Are You a P2P Leader or Laggard?

June 22, 2015 Hailey Yook

In every field, there are leaders and there are laggards. When it comes to purchase-to-pay, the leaders are the ones who have a mature understanding of the depth and breadth of P2P. The laggards, on the other hand, think more simplistically.

What exactly sets the leaders apart from the rest of the pack? They diligently follow this set of industry tips, while laggards either disregard or fail to fully embrace them. We’ve summarized some of the key tips for you below.

So, are you a P2P leader? How many of these tips do you already follow?

1. If the foundation is cracked, nothing built on it is safe.

When P2P systems were first widely implemented 10–15 years ago, they weren’t robust, fully secure, or universally available. Today, they’ve drastically improved, but not all organizations are taking advantage and basic foundations remain incomplete. Leaders always ensure that the foundational elements of P2P are in place because without them, more advanced techniques can’t be used. In contrast, laggards “make do” with archaic systems.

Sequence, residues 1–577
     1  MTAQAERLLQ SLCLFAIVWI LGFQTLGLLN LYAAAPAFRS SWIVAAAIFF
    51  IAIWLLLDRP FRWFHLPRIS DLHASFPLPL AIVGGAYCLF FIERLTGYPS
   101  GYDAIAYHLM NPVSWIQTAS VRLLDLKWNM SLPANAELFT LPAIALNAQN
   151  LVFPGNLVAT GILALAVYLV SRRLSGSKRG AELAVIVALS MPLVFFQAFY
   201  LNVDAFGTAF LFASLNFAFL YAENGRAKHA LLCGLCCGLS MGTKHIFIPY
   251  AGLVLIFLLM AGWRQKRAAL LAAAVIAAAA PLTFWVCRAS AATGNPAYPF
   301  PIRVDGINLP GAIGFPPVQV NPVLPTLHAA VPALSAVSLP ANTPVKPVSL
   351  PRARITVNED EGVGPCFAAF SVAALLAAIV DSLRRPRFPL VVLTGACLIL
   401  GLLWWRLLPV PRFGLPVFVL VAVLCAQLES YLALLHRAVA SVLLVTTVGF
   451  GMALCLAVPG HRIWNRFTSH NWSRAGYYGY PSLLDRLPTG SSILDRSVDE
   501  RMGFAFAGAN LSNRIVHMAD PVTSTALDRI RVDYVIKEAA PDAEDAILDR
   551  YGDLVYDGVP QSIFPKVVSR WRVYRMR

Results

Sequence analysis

2. Be a team player.

P2P requires procurement, finance, and IT to collaborate as a team. Leaders ensure that these three key internal stakeholders are fully aligned on the P2P strategy and if organizational barriers get in the way, they knock them down. Laggards work around these barriers.

3. Don’t bite off more than you can chew.

Seriously, leave it to the appropriate professionals. As a treasury professional, why would you design a procurement system? As a procurement professional, why would you attempt to explain the detailed nuances of AP? Leaders ensure that each part of the P2P process is designated to the right people. Laggards think they know best no matter what.

4. Oftentimes, to make more, you have to spend more.

The better the P2P solution, the greater the savings. Leaders recognize that the best solution isn’t always the cheapest. They hire the best people and utilize the best services to design and implement the best systems. Laggards often build in-house solutions or look to low-cost or free models to “save money.”

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